Screen quality. The screens on the two cameras are worlds apart. Although a great screen in its day, the Digital IXUS 400’s screen is tiny by comparison to modern cameras, and it’s harder to use in harsh light and odd angles. Throughout the day, I found myself using the DMC-FX33’s screen to compose each shot first, and then using the IXUS second. The modern camera was definitely the more enjoyable to use.
Score so far: older camera 1; modern camera 3. Overall, both the superior low-light capabilities and the improved screen are compelling reasons to upgrade from an older camera. Although modern cameras appear to have shorter times between battery recharges, battery life wasn’t a problem at all for a single day’s photography, which is all that I need.
Enjoying Using Each Camera
This was as much a tale of two brands as it was a tale of two generations of camera.
Handling. That large screen on the DMC-FX33 brings one problem with it … there isn’t really anywhere on the back of the camera to hold it. I constantly found myself swearing at the camera because I’d caught one of the controls whilst trying to take a shot, especially when trying to shoot portrait, and when holding the camera high up and low down. Because the back of the Digital IXUS 400 is mostly casing rather than screen, Canon was able to tuck the controls away where it’s much more difficult to catch them accidentally.
But that doesn’t tell the whole story. Panasonic have put a lot of work into the way that the mode wheel on the DMC-FX33 works, and it shows. Macro mode, “normal” mode, and full-auto mode are all next to each other on the wheel. Moving from shooting a plant up close and personal to shooting the biodome was as effortless as I could imagine it. With the older IXUS, by contrast, you have to remember to switch on macro mode or landscape mode, and it’s easy to forget to do so. This round is a dead heat.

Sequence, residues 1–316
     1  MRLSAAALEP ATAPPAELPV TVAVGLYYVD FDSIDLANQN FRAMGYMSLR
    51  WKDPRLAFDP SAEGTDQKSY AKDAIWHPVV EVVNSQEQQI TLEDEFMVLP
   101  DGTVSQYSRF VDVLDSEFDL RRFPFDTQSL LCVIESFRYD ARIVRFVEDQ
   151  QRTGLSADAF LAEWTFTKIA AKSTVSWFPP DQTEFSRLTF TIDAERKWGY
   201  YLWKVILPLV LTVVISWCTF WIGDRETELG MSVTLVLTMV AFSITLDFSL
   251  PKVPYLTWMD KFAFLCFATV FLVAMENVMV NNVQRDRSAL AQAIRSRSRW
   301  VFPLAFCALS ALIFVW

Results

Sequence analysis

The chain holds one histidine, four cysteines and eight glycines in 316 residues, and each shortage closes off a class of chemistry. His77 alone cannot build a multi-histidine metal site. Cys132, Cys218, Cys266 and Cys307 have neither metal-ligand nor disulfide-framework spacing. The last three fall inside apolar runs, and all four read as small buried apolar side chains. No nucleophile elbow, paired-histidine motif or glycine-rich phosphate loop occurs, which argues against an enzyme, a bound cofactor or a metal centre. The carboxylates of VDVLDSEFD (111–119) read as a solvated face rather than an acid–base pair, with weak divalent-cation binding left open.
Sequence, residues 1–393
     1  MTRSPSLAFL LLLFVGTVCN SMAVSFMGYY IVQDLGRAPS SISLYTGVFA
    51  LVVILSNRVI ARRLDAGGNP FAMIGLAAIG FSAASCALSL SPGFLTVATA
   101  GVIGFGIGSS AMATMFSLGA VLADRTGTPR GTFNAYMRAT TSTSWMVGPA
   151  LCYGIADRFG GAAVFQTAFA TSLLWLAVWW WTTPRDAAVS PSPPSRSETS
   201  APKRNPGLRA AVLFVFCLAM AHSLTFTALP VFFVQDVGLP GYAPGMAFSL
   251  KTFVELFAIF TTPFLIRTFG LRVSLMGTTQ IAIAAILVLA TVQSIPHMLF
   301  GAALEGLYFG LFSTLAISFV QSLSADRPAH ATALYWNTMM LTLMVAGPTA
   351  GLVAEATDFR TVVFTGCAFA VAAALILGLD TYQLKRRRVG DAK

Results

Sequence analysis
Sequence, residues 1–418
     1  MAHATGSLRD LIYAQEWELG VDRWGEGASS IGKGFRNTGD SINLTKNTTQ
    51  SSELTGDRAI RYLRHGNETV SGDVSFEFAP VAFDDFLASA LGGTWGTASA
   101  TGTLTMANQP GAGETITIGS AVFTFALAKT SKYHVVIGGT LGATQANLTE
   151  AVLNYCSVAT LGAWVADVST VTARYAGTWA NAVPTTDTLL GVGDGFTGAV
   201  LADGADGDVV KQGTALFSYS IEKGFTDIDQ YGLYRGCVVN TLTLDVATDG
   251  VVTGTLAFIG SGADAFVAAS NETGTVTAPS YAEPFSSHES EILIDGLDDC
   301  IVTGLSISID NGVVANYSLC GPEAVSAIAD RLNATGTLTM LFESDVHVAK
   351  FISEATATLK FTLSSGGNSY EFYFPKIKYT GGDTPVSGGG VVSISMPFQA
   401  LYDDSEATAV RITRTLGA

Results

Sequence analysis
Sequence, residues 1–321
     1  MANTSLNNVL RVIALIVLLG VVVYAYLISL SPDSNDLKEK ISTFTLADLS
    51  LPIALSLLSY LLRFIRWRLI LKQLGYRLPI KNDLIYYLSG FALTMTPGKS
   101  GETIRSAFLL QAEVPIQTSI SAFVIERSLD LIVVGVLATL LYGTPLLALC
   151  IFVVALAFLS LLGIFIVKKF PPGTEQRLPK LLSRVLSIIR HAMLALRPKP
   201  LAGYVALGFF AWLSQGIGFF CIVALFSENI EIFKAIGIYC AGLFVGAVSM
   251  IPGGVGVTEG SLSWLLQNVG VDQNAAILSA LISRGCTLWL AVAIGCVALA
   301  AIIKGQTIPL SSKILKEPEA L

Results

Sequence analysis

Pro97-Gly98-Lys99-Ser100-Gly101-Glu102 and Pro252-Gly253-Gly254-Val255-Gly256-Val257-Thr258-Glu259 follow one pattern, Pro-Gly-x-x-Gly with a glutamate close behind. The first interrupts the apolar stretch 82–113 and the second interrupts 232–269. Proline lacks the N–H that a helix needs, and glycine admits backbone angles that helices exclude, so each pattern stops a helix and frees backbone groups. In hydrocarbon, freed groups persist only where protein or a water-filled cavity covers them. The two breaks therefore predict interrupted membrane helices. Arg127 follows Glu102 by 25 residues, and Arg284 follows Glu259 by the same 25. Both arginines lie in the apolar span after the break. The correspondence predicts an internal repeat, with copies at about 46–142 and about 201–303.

Seeing The Shot. It’s not just that the more modern Panasonic Lumix has the larger, brighter, sharper screen (although all of those things help a great deal), it’s that the DMC-FX33 offers both a wide-angle lens and a widescreen option. These are modern features that suit me personally, and are as much to do with what’s important to the brand as they are to do with the generational gap. Panasonic are proud that they offer the wide-angle lens across their entire camera range, and I can see why. It’s a bit harsh on the older IXUS, maybe, but this round goes to the newer camera.